Wrong. Gentrification is a function of power, not natural law or economic inevitability. It occurs when wealthy, politically connected interests make decisions in closed-door meetings to take over the neighborhoods of people who have little money and power, thus no effective voice or recourse in the taking. The takers usually make a pretense of negotiating with longtime property owners. But it’s a scam, for the developers hurl high-pressure, low-ball pitches at the locals, overpowering families that can’t afford lawyers and lobbyists to go to bat for them.
Renters are worse off, rarely even getting fair notice that a hellish Dickensian disruption is coming at them. Even if they’ve been integral members of the neighborhood for decades, the ousted tenants’ rights to appeal are curtailed by economic and legal realities. The seriously skewed balance of power is exemplified by eviction courts, where up to 90 percent of tenants don’t even have lawyers to represent them. In one of many recent examples here in Austin, more than 200 working-class families (including 121 children) were abruptly ejected two years ago from an affordable apartment complex. Their lives were thrown into a tailspin when the mega-developer that bought the complex summarily cancelled their leases. In a backroom deal tenants were unaware of, much less involved in, the city had given special zoning exemptions that allowed the new corporate owner to bulldoze the long-standing family homes of these mostly Latinx residents and to erect high-end luxury apartments on top of the detritus. Rents for these new, ritzy dwellings ran up to $36,000 a year–way above the the total annual income of most of the displaced families. As one tenant said of the brusque eviction, “We didn’t have any way to stop them. They treated us like dirt. All they gave us was a kick in the ass.”
It’s only a relatively few Americans (mostly low-income, less productive people) who are inconvenienced by being priced out of their homes and businesses, and even they generally benefit by being freed from the confines of their old, economically stagnant environment.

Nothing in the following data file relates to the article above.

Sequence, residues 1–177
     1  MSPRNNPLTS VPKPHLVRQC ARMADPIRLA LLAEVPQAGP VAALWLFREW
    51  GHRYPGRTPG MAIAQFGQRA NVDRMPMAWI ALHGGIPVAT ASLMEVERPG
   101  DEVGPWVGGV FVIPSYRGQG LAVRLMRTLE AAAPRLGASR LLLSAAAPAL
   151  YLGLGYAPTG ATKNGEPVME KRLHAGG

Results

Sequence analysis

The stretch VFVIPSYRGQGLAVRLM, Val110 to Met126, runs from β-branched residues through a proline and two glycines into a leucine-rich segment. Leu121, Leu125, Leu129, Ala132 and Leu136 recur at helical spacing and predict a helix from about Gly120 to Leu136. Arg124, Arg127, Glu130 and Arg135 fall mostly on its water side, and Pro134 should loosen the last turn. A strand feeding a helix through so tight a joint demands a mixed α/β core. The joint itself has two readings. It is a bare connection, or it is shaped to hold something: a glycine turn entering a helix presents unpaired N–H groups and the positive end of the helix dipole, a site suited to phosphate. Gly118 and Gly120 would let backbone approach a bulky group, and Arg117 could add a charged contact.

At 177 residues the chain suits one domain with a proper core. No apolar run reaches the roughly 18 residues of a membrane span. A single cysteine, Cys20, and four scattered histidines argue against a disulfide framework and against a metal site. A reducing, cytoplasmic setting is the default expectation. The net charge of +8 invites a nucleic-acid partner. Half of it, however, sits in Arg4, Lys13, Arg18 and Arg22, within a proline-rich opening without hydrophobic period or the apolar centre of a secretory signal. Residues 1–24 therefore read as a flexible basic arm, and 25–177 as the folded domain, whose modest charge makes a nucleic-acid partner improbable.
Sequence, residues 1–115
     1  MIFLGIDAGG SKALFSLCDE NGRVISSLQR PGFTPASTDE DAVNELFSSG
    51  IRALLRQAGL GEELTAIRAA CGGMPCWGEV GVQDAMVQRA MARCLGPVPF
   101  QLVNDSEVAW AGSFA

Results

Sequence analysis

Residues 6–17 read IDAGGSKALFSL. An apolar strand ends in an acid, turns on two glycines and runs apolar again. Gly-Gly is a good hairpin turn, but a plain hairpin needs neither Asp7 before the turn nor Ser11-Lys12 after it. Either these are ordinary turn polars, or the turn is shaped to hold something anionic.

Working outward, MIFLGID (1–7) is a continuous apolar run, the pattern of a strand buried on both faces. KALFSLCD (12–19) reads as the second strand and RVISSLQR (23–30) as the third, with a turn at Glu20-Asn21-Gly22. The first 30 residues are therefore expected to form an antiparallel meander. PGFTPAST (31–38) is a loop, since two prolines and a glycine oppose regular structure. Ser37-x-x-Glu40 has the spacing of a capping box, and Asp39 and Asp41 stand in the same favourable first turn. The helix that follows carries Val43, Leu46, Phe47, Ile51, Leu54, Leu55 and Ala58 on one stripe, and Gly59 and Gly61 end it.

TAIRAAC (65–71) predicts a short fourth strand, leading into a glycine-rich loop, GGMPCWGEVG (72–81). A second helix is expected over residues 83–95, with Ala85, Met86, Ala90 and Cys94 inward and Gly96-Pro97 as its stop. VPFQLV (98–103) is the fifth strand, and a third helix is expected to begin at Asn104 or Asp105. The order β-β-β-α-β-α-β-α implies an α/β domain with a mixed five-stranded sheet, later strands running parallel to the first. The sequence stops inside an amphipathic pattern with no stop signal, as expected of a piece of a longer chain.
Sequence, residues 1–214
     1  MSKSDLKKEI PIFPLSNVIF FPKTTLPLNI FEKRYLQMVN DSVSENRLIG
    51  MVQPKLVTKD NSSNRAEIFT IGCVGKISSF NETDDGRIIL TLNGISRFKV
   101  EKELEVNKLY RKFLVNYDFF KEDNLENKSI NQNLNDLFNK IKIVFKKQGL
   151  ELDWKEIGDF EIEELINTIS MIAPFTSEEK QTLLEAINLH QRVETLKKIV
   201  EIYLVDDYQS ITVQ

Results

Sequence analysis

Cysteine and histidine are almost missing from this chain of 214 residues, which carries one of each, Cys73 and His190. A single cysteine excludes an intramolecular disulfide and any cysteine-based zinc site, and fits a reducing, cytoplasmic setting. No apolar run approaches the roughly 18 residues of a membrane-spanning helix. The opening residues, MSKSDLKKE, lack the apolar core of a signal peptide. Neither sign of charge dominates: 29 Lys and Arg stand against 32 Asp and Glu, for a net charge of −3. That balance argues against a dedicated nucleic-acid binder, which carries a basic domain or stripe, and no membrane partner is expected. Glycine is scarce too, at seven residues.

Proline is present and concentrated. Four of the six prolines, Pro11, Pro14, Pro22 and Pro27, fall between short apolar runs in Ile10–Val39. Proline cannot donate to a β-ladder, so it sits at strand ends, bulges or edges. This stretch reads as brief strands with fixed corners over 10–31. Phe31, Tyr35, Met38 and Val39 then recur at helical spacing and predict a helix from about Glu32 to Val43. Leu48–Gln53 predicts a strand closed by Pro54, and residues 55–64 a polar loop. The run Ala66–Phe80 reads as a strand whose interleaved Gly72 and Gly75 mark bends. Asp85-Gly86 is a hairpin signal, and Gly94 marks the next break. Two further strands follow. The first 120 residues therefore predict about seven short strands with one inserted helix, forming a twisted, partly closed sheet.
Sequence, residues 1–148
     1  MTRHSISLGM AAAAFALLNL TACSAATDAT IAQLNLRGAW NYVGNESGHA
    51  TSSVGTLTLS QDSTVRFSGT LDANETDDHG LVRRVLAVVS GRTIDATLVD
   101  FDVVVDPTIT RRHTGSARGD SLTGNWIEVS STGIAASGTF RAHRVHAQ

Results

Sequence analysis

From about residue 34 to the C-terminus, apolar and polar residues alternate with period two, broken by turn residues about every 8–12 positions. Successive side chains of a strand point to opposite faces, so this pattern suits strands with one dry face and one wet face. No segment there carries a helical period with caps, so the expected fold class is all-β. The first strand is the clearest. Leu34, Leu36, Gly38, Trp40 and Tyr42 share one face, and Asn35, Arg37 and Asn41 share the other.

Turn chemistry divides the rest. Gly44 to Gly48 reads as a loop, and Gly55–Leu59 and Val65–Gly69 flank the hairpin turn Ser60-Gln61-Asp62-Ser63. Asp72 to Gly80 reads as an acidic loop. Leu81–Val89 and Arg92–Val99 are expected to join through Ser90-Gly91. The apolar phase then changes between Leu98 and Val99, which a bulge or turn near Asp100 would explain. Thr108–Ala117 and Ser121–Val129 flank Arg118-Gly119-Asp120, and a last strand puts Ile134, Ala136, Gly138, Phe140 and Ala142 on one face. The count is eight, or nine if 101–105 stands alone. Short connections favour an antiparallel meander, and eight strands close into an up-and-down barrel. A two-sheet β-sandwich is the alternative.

Millions of middle-income previously secure in homes they owned or rented have had to move out of their neighborhoods and even out of their cities, because gentrification has drastically raised home prices, property taxes, and rents. While it’s obviously beneficial to have such essential community servants as teachers, police, and firefighters live among the people they serve, who among them can afford it?
When one Oakland, California, school principal started teaching in 2001, the story was: Teachers are never going to afford a house. And now it’s: Teachers can’t afford an apartment.
So the city’s teachers have to move clear out of the county and face long, dispiriting commutes to and from their classrooms.
In metro areas across the country, consumer demand for affordable apartments is huge and fast growing, but that mass market goes begging because developers can make far greater profits by building upscale units for wealthy people seeking trendy neighborhoods.
And so it goes: Gentrification begets gentrification.
A survey by RENTCafe, a nationwide apartment search website, found that 75 percent of all new apartment complexes built in the US in 2015 were luxury developments! You might expect that skew toward housing for the affluent in the Northeast and California, with such super-pricey cities as New York and San Francisco, so I was surprised to see that luxury construction was most dominant in the South, where 78 percent of all apartments were upscale and in the Southwest where the number reached an appalling 88 percent.
For poverty-income families, being gentrified out of an affordable space can mean more than a long commute. It often forces them to move into bad and dangerous housing; pay up to 70 percent of the family’s monthly income for a place to live; face eviction (there were 2.3 million in 2016, not counting the unofficial ones, with landlords often simply locking tenants out); and fall into deeper debt, poverty and, frequently ending up homeless–living in their cars or on the street. The toll lands heavily on children since they make up a third of Americans without homes–astonishingly, the average age of a homeless person is 9!